Abstract: Genetic monitoring is an important, but frequently lacking, component of management actions to support long-term persistence in reintroduced populations. Populations that remain small, due to demographic processes and genetic diversity, are more likely to experience a second extinction event. The natterjack toad (Epidelea calamita) is legally protected in Britain and was the subject of a reintroduction programme in the 1990s. However, subsequent genetic assessment has been mostly lacking. The aim of this study was to assess the genetic diversity of two reintroduced populations of natterjack toads in order to inform conservation management. Adults were sampled and nine microsatellites amplified to assess neutral genetic variation within each site and for comparison with the source population. Inbreeding was observed at the reintroduction sites, as evidenced by high FIS values (0.43 and 0.72), low observed compared to expected heterozygosities, and significant deviation from Hardy-Weinberg equilibrium. Observed heterozygosity is currently lower in the reintroduction sites than it was in the source population at the time of the reintroductions (Red Rocks: 0.15±0.20; Talacre: 0.12±0.20; Ainsdale (source): 0.29). Evidence for a bottleneck was not found, although this is likely a result of sampling overlapping generations. No withinsite population structuring was observed. Such low genetic diversity has not previously been recorded in any natterjack population. Genetic rescue, combined with pool creation, is the most viable option for safeguarding the species at these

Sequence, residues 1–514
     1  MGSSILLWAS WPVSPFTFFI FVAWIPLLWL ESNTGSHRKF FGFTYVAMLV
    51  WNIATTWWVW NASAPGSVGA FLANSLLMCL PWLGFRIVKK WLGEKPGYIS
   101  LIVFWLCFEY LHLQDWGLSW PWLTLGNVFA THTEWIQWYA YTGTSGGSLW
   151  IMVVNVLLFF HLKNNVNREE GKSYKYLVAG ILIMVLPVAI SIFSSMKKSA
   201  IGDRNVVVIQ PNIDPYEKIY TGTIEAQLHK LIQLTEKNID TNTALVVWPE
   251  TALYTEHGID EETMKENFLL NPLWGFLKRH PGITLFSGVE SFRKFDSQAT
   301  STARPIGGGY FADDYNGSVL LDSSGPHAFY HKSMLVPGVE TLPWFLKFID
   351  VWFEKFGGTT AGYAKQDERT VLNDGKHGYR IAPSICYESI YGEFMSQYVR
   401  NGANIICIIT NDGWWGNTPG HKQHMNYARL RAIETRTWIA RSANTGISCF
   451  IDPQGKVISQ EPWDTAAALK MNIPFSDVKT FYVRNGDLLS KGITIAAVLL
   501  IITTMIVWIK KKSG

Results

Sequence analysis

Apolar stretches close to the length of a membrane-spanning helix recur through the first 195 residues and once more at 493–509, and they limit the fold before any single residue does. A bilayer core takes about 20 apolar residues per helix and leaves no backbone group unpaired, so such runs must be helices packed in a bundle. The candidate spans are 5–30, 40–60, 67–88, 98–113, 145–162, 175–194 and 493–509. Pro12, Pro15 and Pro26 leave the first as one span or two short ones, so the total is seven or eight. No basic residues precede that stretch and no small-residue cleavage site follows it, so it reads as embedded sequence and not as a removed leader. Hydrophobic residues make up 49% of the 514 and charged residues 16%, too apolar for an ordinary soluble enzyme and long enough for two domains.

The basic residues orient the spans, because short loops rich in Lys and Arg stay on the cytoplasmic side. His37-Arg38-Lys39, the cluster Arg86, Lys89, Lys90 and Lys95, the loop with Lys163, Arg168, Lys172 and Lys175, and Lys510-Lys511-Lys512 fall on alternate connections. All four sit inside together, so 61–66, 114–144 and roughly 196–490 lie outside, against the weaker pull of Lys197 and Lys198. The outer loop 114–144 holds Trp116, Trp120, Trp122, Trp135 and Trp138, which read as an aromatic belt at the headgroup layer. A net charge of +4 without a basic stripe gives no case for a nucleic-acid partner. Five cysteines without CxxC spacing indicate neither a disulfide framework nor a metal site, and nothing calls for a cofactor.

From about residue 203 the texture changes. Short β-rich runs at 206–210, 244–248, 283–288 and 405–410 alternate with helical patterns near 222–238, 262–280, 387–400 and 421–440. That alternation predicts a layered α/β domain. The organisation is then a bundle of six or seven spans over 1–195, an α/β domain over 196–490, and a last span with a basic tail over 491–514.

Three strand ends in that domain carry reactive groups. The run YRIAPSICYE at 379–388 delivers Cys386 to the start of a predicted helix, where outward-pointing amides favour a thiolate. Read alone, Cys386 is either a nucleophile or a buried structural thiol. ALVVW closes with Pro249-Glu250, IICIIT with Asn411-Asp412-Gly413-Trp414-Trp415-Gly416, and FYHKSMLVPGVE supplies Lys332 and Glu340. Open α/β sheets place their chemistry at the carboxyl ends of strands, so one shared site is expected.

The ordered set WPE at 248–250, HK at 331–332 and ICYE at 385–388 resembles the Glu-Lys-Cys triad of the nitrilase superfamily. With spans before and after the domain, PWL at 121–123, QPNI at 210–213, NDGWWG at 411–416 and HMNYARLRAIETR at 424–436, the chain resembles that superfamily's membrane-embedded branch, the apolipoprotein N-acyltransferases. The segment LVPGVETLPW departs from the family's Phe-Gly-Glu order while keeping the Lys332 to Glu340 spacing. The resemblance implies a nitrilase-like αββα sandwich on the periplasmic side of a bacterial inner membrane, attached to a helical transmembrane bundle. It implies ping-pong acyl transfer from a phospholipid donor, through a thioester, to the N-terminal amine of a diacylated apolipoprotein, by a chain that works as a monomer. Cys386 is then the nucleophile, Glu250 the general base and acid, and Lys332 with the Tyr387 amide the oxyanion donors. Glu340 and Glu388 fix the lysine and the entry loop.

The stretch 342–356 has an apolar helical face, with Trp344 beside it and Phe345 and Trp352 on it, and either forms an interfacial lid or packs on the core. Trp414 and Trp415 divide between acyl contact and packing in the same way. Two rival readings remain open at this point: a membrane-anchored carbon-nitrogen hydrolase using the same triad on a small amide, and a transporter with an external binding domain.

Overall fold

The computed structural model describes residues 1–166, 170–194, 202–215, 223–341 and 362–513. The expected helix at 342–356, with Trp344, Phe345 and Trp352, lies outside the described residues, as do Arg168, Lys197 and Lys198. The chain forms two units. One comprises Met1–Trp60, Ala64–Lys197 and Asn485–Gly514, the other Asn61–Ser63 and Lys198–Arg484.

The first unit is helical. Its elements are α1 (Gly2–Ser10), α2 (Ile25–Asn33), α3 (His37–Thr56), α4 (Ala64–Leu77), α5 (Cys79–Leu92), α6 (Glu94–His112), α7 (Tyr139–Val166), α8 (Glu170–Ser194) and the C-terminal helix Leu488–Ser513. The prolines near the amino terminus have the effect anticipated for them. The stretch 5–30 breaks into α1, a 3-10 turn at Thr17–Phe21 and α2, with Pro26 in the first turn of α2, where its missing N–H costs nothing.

sites into the future. Our work highlights the importance of ongoing genetic monitoring, in collaboration with conservation organisations, to support conservation management.

Keywords: Reintroduction, amphibian, inbreeding, conservation, natterjack, genetics

pdf 06a. Supplementary Materials


Open Access


Authors: Susanna Phillips, Matthew Geary, Matthew Allmark, Sarah Bennett, Kim Norman, Rachel J. Ball, Catherine M. Peters & Anna P. Muir

pdf 07. Cannibalism in smooth snakes, Coronella austriaca


Open Access

pp. 168-172

Authors: Gabriela M. Jofré & Christopher J. Reading